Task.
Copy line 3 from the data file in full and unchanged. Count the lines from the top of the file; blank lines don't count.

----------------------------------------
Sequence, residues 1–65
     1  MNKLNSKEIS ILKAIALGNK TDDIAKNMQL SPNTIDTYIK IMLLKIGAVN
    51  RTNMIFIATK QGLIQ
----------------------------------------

    51  RTNMIFIATK QGLIQ